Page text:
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Spending cuts expected in Georgia education

Georgia Governor-elect Nathan Deal is quickly realizing he has quite a task ahead of him as he takes office. Since winning the election, Deal has spent the past month examining the state budget and has come to the conclusion that education spending may be a target for future budget cuts, specifically the Helping Outstanding Pupils Educationally (HOPE) scholarship.

The HOPE scholarship program, created in 1993, is a merit-based higher education scholarship funded entirely by the Georgia Lottery and its revenue. To receive HOPE scholarship funding, a student must meet one of the following academic requirements:

  • Graduate from a HOPE-eligible high school with a 3.0 grade point average for college preparatory diploma or a 3.2 grade point average for other diploma types
  • Complete a HOPE eligible home study program with a 3.0 grade point average
  • Georgia high school graduates who begin their high school careers during or after the 2008-2009 school year must graduate with a 3.0 grade point average
  • Graduate from an eligible high school, complete an eligible home study program, or earn a GED, and score in the national composite 85th percentile or higher on the SAT or ACT tests
  • Graduate from an ineligible high school or complete an ineligible home study program, and then earn a 3.0 grade point average on 30 semester hours or 45 quarter hours of college degree-level coursework. This option allows for payment of the first 30 semester hours or 45 quarter hours after they are taken
  • Earn a 3.0 grade point average at the college level on degree coursework after attempting 30, 60, or 90 semester hours, or 45, 90, or 135 quarter hours, regardless of high school graduation status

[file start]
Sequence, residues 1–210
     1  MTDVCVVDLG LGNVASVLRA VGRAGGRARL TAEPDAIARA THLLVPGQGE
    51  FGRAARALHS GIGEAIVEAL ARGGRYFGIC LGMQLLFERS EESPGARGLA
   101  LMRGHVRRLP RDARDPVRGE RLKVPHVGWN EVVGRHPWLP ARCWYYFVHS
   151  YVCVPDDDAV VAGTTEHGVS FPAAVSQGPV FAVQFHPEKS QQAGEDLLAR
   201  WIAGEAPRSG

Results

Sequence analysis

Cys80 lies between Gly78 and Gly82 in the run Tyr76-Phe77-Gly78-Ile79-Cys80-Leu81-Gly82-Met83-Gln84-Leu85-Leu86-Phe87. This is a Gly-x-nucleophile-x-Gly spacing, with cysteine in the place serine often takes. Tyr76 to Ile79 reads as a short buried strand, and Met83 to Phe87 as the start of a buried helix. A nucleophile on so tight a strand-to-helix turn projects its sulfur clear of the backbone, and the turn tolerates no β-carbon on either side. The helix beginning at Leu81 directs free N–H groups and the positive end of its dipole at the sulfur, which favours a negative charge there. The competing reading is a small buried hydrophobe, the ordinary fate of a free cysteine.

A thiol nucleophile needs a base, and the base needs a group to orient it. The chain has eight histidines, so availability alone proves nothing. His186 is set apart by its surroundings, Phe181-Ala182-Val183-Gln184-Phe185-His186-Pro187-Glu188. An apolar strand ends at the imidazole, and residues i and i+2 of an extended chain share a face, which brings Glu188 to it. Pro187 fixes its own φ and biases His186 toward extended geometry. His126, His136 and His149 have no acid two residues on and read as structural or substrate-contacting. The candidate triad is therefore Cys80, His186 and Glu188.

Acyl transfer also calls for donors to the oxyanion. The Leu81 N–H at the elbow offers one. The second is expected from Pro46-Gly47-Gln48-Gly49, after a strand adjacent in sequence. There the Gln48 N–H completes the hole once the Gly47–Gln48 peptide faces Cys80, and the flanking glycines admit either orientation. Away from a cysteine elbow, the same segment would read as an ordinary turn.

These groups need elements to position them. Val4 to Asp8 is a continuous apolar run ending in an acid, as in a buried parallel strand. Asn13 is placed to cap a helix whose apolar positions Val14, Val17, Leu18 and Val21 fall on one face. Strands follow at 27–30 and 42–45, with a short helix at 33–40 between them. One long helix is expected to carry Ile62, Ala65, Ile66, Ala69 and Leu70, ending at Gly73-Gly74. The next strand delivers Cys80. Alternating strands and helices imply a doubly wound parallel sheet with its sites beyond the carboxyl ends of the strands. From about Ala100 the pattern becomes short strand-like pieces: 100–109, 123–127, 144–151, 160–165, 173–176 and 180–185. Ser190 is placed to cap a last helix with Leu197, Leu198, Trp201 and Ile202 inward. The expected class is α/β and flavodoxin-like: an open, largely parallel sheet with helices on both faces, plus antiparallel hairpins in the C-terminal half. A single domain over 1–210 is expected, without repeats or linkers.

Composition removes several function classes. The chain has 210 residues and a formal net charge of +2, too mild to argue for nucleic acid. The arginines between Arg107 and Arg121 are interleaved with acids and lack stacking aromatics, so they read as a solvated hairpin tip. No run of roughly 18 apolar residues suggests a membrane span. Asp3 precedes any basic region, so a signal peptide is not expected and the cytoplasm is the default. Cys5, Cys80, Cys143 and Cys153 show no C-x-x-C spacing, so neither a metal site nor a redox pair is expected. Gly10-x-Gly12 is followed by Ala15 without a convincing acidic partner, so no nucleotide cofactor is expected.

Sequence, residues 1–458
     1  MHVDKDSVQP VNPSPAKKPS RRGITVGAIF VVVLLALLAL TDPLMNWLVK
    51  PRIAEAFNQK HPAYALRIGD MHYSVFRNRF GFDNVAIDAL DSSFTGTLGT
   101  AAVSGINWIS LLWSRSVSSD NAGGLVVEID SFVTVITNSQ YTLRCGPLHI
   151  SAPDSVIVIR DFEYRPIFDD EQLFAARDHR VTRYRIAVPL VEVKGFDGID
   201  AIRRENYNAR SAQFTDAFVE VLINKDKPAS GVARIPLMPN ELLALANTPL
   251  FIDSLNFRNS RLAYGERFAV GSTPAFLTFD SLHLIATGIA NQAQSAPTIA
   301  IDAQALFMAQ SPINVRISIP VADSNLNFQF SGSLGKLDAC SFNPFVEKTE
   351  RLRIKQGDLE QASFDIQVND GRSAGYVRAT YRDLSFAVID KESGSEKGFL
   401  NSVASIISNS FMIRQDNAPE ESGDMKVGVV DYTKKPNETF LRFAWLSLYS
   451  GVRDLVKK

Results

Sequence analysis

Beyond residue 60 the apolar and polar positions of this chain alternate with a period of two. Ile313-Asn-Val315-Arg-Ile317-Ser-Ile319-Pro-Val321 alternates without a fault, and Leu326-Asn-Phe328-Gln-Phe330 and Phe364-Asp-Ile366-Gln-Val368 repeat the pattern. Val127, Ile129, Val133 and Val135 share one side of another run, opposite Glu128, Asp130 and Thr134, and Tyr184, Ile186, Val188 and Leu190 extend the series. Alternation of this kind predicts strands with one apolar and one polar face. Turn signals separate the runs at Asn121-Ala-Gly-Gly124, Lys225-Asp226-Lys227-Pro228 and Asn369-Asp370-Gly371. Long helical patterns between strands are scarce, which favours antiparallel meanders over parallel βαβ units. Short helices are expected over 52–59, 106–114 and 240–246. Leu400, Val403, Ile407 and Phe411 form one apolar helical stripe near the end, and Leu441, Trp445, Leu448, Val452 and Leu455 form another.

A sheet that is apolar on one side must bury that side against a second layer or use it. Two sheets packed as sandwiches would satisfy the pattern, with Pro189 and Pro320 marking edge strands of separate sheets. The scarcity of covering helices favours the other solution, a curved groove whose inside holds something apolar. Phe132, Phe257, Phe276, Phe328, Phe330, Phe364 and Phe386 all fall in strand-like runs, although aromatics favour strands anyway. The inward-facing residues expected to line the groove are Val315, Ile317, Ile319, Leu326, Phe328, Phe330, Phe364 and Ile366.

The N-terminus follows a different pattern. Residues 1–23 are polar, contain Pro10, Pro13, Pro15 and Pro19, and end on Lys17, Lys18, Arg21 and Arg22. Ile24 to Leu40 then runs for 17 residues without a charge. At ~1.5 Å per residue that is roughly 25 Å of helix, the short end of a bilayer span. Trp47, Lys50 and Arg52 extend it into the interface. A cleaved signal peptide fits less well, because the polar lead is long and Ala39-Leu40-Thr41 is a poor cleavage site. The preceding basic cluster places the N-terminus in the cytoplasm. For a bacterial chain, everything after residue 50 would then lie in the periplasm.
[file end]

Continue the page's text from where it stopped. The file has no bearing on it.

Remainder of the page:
In addition, the student must also meet all of the following requirements:

  • Be enrolled as a degree-seeking student at an eligible public or private college or university or technical college in Georgia
  • Meet HOPE's Georgia residency requirements
  • Meet HOPE's U.S. citizenship or eligible noncitizen requirements
  • Be in compliance with Selective Service registration requirements
  • Be in compliance with the Georgia Drug-Free Postsecondary Education Act of 1990. A student may be ineligible for HOPE payment if he or she has been convicted of committing certain felony offenses involving marijuana, controlled substances, or dangerous drugs
  • Not be in default or owe a refund on a student financial aid program
  • Maintain satisfactory academic progress as defined by the college

This scholarship covers full tuition and most fees for the recipient to attend any public university in Georgia. However, as it stands right now, the overseeing body of the scholarship, The Georgia Student Finance Commission, projects a shortfall of $244 million this fiscal year and around $317 million in 2012. Although the scholarship maintains about $1 billion in reserves, the amount is expected to shrink to $371 million by the end of 2012.

It seems this scholarship slashing is going to take a major toll on educational spending throughout the state. Budgets will have to be examined and every spare dollar will have to be tracked. As the governor puts it, "There are going to be tough choices on K-12 education again this year." Nevertheless, this is a very important and popular program within the state, and Deal stressed a fundamental approach will be taken in assessing what changes need to be made to successfully continue it. He believes the first step is to maintain the origins of how the scholarship was designed as well as examine the enhancements made to it over the years, and then decide which enhancements can be continued and which should be eliminated.

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